Raised bed borders

In my new refurbed front garden ( when it gets that far) I'm looking at putting in some raised borders, not very high just about 4-6" or so can anyone give me any tips, on building the raised border so it doesn't rot my new wooden fence to what plants to grow.
It's fairly shady around there for the most part, it's north facing and the garden currently grows wild roses, ivy, holly, various undetermined spiked shrubs and brambles lol
I'm after planting Rosemary and lavender among options but they're the only plants I know, I'd like a low maintenance garden
--
Sixtie7


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On 5/7/2015 11:57 AM, Sixtie7 wrote:

Frame the raised area with concrete blocks, sometimes called cinder blocks.
First dig down a depth equal to the height of the blocks, piling the soil in the center of the area or else on a tarp (sheet of canvas, vinyl, etc) outside the area.
Make sure the edges just beyond the dug area are level. Place the blocks with the holes pointing up around the dug area to frame it. Stir enough compost, coarse sand, peat moss, and even sawdust or wood chips (e.g., from having trees trimmed) into the dug soil to fill the raised area to the top of the blocks. Remember that some settling will occur, so you really need a generous amount of those amendments. For every square foot of surface in the raised bed, also stir in a handful of bone meal.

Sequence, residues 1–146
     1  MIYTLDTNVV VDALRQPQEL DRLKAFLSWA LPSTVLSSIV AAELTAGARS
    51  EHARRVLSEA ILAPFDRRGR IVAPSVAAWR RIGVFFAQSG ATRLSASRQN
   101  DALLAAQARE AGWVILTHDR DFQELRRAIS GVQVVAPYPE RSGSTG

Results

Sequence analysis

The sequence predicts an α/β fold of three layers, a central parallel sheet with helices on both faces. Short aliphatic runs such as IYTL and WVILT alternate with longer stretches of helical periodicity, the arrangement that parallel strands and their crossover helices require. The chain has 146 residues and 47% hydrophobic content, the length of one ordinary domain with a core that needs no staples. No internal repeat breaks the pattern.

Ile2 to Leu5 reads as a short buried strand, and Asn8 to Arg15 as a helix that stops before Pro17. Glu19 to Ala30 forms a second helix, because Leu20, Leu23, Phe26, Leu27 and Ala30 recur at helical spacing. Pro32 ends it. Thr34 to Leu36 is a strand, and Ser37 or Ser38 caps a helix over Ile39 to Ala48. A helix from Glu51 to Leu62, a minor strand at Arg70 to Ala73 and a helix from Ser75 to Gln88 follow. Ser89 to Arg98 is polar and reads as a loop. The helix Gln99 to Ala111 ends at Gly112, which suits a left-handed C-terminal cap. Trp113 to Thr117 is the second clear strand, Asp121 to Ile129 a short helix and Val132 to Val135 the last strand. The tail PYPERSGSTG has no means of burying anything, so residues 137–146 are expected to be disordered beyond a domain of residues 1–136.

Plant your raised bed.
Pack a good potting mix into the holes in the concrete blocks. Plant wax leaf begonias in the holes. See "West Shrub and Flower Bed" near the bottom of my <http://www.rossde.com/garden/garden_back.html and the photo at
Rosemary and lavender are both in the salvia family. Except for mints, members of that family are generally drought-tolerant and prefer a soil that is not overly moist with scant nutrients. They also prefer at least part sun.
--
David E. Ross
Climate: California Mediterranean, see
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